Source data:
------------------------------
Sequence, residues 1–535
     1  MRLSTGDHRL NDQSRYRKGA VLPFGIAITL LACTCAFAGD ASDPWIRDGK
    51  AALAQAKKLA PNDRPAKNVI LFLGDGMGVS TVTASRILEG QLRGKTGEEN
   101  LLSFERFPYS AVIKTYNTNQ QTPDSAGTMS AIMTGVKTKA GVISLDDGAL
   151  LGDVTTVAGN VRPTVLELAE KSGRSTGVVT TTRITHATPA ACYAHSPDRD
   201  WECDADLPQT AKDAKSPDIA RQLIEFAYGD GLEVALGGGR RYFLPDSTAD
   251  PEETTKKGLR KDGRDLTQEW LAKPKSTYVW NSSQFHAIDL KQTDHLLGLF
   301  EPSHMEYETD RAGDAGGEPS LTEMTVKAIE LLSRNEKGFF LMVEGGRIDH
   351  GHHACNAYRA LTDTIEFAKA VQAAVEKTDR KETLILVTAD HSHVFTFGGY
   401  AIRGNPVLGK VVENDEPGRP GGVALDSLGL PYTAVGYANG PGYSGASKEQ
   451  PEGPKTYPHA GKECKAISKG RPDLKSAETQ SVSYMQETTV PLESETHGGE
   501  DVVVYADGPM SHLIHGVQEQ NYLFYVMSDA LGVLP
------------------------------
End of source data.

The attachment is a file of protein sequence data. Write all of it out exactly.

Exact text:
Sequence, residues 1–535
     1  MRLSTGDHRL NDQSRYRKGA VLPFGIAITL LACTCAFAGD ASDPWIRDGK
    51  AALAQAKKLA PNDRPAKNVI LFLGDGMGVS TVTASRILEG QLRGKTGEEN
   101  LLSFERFPYS AVIKTYNTNQ QTPDSAGTMS AIMTGVKTKA GVISLDDGAL
   151  LGDVTTVAGN VRPTVLELAE KSGRSTGVVT TTRITHATPA ACYAHSPDRD
   201  WECDADLPQT AKDAKSPDIA RQLIEFAYGD GLEVALGGGR RYFLPDSTAD
   251  PEETTKKGLR KDGRDLTQEW LAKPKSTYVW NSSQFHAIDL KQTDHLLGLF
   301  EPSHMEYETD RAGDAGGEPS LTEMTVKAIE LLSRNEKGFF LMVEGGRIDH
   351  GHHACNAYRA LTDTIEFAKA VQAAVEKTDR KETLILVTAD HSHVFTFGGY
   401  AIRGNPVLGK VVENDEPGRP GGVALDSLGL PYTAVGYANG PGYSGASKEQ
   451  PEGPKTYPHA GKECKAISKG RPDLKSAETQ SVSYMQETTV PLESETHGGE
   501  DVVVYADGPM SHLIHGVQEQ NYLFYVMSDA LGVLP